The company has already held talks with a small group of private equity firms, including Blackstone Group LP and KKR & Co LP, the people said, asking not to be identified because the discussions are confidential.
Some of the investment firms, however, have already lost interest in a leveraged buyout because they do not consider a deal to be financially attractive, the people added.
Representatives for Crocs, Moelis, Blackstone and KKR declined to comment.
Crocs shares rallied after Bloomberg News first reported on the talks and were up 9.5 percent at $13.85 in afternoon trade on Nov 13 on the Nasdaq.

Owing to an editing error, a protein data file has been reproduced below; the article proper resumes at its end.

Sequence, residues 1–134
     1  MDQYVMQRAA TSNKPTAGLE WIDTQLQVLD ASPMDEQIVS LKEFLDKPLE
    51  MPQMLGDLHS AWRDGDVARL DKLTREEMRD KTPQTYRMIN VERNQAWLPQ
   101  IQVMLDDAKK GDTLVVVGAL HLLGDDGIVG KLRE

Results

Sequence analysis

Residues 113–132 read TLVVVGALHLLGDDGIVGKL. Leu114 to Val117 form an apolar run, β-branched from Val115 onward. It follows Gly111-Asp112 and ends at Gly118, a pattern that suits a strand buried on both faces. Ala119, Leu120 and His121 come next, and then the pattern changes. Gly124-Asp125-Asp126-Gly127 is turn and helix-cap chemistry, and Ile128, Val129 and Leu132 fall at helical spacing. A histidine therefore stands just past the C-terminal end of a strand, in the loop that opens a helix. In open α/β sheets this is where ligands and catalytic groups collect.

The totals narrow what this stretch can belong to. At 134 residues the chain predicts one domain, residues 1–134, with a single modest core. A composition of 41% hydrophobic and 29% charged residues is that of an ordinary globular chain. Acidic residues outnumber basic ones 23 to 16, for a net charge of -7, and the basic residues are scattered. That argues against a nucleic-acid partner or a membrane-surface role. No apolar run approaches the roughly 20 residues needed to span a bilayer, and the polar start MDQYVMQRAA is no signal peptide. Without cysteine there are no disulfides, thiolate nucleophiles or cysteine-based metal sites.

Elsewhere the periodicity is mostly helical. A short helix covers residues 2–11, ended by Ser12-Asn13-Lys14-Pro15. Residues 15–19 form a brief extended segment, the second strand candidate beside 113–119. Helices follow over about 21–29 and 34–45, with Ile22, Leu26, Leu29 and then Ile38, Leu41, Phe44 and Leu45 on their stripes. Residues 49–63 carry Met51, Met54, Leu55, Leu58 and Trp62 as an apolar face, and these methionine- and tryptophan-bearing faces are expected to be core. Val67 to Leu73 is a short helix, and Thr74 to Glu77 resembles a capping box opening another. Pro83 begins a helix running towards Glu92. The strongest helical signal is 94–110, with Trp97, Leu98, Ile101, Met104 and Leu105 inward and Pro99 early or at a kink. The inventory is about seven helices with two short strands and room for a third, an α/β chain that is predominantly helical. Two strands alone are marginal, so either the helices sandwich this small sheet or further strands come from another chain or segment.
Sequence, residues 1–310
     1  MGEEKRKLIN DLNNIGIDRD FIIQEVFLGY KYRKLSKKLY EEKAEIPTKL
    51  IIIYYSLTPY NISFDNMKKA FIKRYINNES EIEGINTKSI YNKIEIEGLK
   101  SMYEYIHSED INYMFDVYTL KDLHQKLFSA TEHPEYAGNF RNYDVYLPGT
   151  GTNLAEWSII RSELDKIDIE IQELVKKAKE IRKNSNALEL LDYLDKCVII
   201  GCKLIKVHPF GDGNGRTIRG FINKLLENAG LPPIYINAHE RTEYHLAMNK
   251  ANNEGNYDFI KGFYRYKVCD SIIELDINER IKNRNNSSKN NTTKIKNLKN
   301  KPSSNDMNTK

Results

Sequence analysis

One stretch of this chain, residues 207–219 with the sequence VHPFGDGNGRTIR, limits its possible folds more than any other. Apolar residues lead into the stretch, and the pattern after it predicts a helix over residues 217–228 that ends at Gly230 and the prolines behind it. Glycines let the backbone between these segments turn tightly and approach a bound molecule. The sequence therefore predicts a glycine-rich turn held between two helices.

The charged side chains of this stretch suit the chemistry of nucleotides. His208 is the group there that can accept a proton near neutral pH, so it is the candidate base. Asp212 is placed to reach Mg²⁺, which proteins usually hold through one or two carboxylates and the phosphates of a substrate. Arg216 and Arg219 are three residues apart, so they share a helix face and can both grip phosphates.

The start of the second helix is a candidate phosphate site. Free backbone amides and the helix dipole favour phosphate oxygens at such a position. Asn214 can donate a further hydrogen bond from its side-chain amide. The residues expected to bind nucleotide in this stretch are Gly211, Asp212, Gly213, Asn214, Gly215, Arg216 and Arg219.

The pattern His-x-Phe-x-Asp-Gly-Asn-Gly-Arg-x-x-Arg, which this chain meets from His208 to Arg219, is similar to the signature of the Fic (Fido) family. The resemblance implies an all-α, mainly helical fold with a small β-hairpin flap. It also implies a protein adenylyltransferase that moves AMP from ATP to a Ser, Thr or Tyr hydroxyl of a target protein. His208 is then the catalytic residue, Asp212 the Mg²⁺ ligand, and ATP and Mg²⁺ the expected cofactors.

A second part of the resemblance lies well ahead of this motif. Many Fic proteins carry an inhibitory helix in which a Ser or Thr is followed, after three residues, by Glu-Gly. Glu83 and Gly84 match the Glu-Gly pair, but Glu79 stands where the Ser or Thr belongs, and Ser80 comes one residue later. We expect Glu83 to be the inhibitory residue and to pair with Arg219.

Established in 2002, Crocs sells its shoes, made out of a proprietary closed-cell resin it calls Croslite and offered in more than 300 four-season footwear styles, in some 125 countries, according to its website.
Crocs posted a 2 percent decline in sales for the third quarter, hurt by weakness in the Americas and Japan. The company said sales were dragged down by a drop in discretionary spending on footwear, apparel and other consumer goods in the U.S.
“I wish I could tell you we were expecting a big improvement in consumer confidence in the U.S. throughout the year, but we are not,” Crocs Chief Executive John McCarvel told analysts on the company’s earnings call last month.
Greg Roumeliotis is a reporter for Reuters News in New York
(Updates to add that company has hired Moelis & Co, other details)